Malta government chief of staff resigns; questioned in murder probe

epa06370196 A memorial for the slain Malta journalist Daphne Caruana Galizia at the Great Siege monument opposite the Malta law courts in Valletta, Malta, 05 December 2017. On 05 December 2017 the three suspects were arraigned before the Court and accused of murder of the Maltese blogger Daphne Caruana Galizia. Daphne Caruana Galizia, 53, was killed in a car bombing near Mosta , Malta on 16 October 2017. EPA-EFE/DOMENIC AQUILINA

VALLETTA, Nov 26 (Reuters) - Malta government chief of staff Keith Schembri resigned on Tuesday, Prime Minister Joseph Muscat told reporters, as police continued their investigation into the 2017 murder of journalist Daphne Caruana Galizia.

Police sources said Schembri was being questioned in connection with the case, but gave no further detail. Neither Schembri nor his lawyer were immediately available for comment.

Schembri had been facing pressure to resign from opposition politicians and Caruana Galizia’s family because of his alleged financial ties to businessman Yorgen Fenech, who was detained last week as a person of interest in the murder probe.

The alleged murder plot middleman Melvin Theuma was granted a presidential pardon on Monday in return for information he had given about the case. Local media reported that he had handed over audio recordings.

“What is happening now, and what happened last week is an operation that is hopefully solving the Daphne Caruana Galizia murder,” Muscat told Reuters on Tuesday. “Whatever people might say, there is no impunity in this country.”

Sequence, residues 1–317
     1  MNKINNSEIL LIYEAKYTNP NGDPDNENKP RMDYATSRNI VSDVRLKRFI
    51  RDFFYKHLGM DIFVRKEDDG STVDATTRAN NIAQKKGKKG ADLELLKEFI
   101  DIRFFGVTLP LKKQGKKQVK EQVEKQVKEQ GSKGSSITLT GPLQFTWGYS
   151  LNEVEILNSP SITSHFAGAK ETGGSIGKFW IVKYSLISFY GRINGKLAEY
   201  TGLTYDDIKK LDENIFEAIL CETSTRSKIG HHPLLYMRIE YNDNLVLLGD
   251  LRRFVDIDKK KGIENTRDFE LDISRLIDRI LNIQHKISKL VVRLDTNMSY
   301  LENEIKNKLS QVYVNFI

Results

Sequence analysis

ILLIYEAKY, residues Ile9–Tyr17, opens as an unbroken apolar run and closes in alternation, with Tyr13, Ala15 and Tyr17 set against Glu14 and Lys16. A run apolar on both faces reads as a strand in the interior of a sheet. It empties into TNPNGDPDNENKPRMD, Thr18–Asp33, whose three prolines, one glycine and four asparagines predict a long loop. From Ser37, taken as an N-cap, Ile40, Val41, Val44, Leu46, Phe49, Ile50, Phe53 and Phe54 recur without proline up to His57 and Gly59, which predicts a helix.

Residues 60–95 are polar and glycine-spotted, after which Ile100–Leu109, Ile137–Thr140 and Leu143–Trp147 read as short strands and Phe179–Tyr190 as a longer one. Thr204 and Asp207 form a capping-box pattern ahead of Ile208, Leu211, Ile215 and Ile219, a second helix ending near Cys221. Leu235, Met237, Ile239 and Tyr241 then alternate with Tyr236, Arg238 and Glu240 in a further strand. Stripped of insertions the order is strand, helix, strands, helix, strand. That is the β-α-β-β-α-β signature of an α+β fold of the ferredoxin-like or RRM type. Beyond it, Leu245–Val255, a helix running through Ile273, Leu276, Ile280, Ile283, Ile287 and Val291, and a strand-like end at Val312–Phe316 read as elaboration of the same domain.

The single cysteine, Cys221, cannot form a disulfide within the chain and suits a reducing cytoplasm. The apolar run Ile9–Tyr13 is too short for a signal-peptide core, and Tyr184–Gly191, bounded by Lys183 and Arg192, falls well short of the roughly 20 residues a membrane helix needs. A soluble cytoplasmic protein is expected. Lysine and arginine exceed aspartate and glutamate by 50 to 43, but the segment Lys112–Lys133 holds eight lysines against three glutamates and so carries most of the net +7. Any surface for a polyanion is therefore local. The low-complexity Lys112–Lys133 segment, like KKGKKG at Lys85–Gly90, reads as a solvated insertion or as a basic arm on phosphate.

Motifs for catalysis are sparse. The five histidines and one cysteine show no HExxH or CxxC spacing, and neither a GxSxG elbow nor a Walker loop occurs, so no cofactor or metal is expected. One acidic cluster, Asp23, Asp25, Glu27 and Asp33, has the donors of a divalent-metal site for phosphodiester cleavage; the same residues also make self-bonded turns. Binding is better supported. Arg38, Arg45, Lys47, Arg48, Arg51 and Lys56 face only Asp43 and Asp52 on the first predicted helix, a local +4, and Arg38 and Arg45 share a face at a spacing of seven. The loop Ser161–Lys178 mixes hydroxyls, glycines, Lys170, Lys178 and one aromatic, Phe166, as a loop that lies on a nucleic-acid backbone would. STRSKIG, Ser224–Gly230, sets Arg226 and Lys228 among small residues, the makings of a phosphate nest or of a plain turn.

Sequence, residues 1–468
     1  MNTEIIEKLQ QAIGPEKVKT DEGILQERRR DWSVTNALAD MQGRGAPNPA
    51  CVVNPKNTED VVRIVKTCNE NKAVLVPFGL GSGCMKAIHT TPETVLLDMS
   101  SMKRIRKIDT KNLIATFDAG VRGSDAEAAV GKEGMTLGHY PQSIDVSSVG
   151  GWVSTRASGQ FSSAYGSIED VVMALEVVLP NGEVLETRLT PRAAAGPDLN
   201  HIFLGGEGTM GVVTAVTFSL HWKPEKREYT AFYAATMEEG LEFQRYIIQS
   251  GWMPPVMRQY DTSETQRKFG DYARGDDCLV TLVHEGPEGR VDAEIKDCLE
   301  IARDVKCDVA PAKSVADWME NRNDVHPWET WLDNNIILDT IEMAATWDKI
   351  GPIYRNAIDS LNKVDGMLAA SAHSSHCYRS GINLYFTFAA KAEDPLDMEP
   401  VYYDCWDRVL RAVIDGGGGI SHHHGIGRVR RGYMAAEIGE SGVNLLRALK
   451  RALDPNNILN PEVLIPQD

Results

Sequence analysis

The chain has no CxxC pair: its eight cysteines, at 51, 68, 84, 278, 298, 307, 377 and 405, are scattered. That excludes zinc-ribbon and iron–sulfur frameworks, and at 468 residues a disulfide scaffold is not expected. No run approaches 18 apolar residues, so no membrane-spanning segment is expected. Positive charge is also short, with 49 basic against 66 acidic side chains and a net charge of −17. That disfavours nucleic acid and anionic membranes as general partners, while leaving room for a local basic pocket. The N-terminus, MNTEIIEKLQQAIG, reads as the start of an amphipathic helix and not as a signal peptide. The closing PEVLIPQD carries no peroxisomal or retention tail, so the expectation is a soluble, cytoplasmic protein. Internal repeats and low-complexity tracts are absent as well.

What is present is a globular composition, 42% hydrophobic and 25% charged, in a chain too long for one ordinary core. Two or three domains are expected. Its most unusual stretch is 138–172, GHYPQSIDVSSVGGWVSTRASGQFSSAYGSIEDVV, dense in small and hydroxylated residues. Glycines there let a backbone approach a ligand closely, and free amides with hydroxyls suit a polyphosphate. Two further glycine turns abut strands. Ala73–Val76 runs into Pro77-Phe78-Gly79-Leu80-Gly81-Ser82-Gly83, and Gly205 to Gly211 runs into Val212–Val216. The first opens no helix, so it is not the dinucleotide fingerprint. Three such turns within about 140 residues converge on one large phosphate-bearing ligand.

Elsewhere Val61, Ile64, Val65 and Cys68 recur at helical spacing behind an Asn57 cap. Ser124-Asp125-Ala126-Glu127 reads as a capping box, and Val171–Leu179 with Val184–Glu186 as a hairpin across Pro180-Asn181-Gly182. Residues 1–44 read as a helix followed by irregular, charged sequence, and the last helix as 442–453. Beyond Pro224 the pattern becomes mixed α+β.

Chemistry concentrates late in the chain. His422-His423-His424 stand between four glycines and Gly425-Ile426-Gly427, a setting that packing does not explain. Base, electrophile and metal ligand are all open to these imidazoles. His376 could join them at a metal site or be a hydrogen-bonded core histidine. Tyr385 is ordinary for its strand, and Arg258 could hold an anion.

Muscat is a close friend of Schembri and had repeatedly rejected calls to sack him when allegations of corruption surfaced several years ago. Schembri always denied wrongdoing.

Caruana Galizia, one of Malta’s best-known investigative journalists, was blown up as she left her home on Oct. 16, 2017 in a murder that shocked Europe and raised questions about rule of law on the small Mediterranean island.

Three men are awaiting trial for setting off the bomb and police sources say the investigation into who actually ordered the killing has made big advances in the past week.

Neither Fenech nor his lawyer have made any comment since his detention.


A Reuters investigation last year revealed that Fenech was the owner of a secret company called 17 Black, which was named in emails as being the vehicle to fund secret Panama companies owned by Schembri and Tourism Minister Konrad Mizzi.

It is not known whether any funds actually changed hands. Schembri, who has many business interests, and Mizzi have always denied wrongdoing.

Opposition politicians and Caruana Galizia’s family have denounced Muscat for allowing the two men stay at their posts and have called on him to step down.

“Muscat, who spent three years taking full responsibility for Schembri, must leave right now. He simply cannot be trusted to not obstruct justice. He has done so for too long,” Caruana Galizia’s son Matthew wrote on Twitter.

But the prime minister told Reuters he had no intention of resigning at present.

“My role right now is to ensure the country has stable leadership. My role is to make sure we navigate through this turbulent time,” he told Reuters.

Mizzi resisted calls to resign, saying he had no ties to Fenech or the events surrounding Caruana Galizia’s killing.

Caruana Galizia regularly posted allegations of corruption on her blog and on various occasions targeted members of the Muscat government, including Schembri and Mizzi.

Six months before her death, the two men said they would sue her for libel over allegations she made about their Panama-registered interests. (Reporting by Stephen Grey and Chris Scicluna; Editing by Crispian Balmer and Alex Richardson)


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